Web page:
LONDON -- Dividend income accounts for around two-thirds of total returns, the actual rate of return taking into account both capital and income appreciation. Given that share prices are often volatile and unpredictable, the potential for plump dividends can give shareholders much-needed peace of mind for decent returns.

I am currently looking at the dividend prospects of HSBC Holdings (LSE:HSBA) (NYSE:HSBC) and assessing whether the company is an appetizing pick for income investors.

How does HSBC Holdings' dividend history stack up?

FY Dividend Per Share $0.34 $0.36 $0.41 $0.45
DPS Growth -46.9% 5.9% 13.9% 9.8%
Dividend Cover 1x 2x 2.2x 1.6x

Source: HSBC Holdings Company Accounts.

HSBC's dividend policy took a hammering in 2009, when regulatory uncertainty surrounding capital requirements prompted the firm to cut shareholder payouts substantially. The bank has since gotten its progressive dividend policy back on track, with meaty increases during each of the past three years, even though earnings per share (EPS) slipped 20% last year.

As well, HSBC has driven dividend coverage back toward two times forward earnings -- the broadly regarded benchmark signifying dividend safety -- although it slipped back below the measure in 2012.

What are HSBC Holdings' dividends expected to do?

FY Dividend Per Share $0.51 $0.56
DPS Growth 13.3% 9.8%
Dividend Cover 1.9x 1.9x
Dividend Yield 4.4% 4.9%

Source: Digital Look. Exchange rate: £1=$1.51265.

City forecasters expect dividends to continue heading markedly higher in coming years, underpinned by EPS growth of 32% and 8% in 2013 and 2014 respectively. In addition, improving earnings are also predicted to drive dividend cover a hair's breadth below two times projected earnings.

HSBC announced in this month's interims that underlying pre-tax profit advanced 34% in the first quarter to $7.6 billion, with reduced impairment charges and the firm's ambitious restructuring programme helping to improve performance during the period.

The bank is aiming to strip another $2-$3 billion out of its cost base through further heavy job cuts by 2016, on top of the $4 billion it has already delivered over the past two years. HSBC is generating heaps of capital -- indeed, its core tier 1 ratio rose to 12.7% in January-March from 12.3% in the first three months of 2012 -- and is tipped to embark on a share repurchase scheme next year, if realized would provide an additional boon for shareholders.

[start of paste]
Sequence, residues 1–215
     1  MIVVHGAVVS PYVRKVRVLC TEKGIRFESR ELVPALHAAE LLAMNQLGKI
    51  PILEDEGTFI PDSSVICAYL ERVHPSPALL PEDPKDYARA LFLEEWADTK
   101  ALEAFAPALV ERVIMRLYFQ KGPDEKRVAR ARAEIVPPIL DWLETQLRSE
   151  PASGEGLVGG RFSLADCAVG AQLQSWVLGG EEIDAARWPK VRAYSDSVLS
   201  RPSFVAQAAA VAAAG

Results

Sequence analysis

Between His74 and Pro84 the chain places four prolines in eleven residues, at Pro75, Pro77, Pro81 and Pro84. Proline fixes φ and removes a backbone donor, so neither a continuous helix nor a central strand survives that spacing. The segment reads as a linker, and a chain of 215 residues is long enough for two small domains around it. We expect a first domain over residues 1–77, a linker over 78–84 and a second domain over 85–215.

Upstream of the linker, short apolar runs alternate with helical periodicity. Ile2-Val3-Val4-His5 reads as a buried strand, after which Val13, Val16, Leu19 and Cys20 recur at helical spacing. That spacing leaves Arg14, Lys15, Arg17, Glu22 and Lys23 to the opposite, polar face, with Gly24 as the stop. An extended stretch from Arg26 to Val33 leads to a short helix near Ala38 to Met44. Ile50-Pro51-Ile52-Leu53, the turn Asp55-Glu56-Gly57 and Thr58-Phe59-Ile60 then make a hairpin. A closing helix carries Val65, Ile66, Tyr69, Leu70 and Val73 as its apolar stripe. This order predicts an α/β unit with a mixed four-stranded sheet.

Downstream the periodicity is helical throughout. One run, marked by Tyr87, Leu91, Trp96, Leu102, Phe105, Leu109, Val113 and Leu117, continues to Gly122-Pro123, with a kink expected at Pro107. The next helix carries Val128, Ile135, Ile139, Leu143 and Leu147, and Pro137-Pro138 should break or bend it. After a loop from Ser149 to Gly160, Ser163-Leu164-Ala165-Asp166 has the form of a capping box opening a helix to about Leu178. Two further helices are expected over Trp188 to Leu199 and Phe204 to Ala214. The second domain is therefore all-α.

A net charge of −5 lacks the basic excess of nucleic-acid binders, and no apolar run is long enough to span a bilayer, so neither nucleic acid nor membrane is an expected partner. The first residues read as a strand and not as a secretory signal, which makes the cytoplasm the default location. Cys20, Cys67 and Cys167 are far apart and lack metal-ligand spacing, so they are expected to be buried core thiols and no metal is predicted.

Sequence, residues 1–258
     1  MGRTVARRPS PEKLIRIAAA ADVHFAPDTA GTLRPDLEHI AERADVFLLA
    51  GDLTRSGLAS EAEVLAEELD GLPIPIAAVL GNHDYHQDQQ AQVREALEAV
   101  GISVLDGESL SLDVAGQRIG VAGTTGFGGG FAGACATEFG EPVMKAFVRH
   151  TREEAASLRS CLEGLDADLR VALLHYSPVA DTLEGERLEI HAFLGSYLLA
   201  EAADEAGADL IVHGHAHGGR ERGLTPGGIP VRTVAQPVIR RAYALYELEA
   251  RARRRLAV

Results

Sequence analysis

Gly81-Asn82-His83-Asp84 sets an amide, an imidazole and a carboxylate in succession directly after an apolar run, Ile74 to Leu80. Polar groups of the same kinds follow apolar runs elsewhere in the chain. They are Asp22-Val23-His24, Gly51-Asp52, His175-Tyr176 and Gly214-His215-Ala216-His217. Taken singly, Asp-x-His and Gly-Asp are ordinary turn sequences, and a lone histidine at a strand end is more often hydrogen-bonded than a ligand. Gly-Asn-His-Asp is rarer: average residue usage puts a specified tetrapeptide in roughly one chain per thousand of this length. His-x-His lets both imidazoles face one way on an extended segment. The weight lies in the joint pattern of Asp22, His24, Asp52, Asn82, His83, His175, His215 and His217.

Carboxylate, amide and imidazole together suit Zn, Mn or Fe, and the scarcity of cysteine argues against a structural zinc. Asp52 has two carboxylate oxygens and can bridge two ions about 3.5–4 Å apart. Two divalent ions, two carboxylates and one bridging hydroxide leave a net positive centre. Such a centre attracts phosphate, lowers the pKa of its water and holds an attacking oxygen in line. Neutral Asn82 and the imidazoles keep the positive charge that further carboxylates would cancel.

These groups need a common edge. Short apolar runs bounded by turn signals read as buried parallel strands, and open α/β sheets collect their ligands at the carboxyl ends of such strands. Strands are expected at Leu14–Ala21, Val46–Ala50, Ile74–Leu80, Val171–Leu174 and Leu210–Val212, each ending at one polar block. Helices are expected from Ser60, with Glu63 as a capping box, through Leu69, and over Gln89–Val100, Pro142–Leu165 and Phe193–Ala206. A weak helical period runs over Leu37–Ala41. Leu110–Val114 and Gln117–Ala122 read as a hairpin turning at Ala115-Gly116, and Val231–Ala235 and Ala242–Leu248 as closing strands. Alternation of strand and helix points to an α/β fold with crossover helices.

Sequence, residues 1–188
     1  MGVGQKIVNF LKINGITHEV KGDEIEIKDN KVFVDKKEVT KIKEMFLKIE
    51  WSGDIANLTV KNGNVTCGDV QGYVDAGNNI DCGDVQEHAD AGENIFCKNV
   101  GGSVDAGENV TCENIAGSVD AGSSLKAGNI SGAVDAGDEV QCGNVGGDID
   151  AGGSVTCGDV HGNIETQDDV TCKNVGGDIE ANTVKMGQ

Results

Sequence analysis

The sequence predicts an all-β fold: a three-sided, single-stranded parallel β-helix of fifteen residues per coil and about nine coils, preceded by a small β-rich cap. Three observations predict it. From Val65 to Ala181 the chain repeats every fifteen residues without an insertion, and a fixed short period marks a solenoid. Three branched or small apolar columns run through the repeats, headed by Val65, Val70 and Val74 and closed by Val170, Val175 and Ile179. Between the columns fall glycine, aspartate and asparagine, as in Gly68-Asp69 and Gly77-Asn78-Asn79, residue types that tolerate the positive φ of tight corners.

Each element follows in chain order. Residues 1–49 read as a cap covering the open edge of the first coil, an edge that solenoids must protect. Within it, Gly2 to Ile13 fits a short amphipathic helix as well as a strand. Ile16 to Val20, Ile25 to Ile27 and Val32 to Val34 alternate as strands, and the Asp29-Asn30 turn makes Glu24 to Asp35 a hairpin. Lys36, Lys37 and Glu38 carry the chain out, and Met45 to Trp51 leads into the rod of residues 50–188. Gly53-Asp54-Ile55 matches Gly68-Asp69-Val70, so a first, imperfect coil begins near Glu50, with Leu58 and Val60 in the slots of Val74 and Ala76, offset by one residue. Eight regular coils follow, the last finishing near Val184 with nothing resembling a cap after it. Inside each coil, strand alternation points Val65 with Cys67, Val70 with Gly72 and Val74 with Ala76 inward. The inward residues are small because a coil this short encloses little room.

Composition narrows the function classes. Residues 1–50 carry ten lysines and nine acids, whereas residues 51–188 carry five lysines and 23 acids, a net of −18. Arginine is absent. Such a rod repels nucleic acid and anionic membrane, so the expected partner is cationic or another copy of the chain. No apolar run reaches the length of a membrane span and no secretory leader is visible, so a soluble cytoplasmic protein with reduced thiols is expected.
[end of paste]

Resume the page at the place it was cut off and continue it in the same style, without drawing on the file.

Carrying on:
How does HSBC Holdings' dividend prospects rate against the competition?

 Prospective Dividend YieldProspective P/E Ratio
Banks 3.7% 13.1
FTSE 100 3.1% 16.3

Source: Digital Look.

HSBC currently changes hands on a P/E multiple of 11.3 for this year, below the corresponding readings for both the wider banking sector as well as the FTSE 100, while the institution also outstrips both groups in terms of predicted dividend yield. In my opinion, HSBC is a great stock market pick for those seeking reliable dividend income moving forwards.

The company's transformation plan is expected to continue improving earnings in coming years, while galloping activity in developing markets -- the Asia-Pacific region in particular now accounts for 90% of total profits versus 60% in 2011 -- should underpin long-term revenue growth. I believe that this all bodes well for shareholders' dividend prospects.

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Royston does not own shares in HSBC Holdings. The Motley Fool has a disclosure policy. We Fools may not all hold the same opinions, but we all believe that considering a diverse range of insights makes us better investors. Try any of our Foolish newsletter services free for 30 days.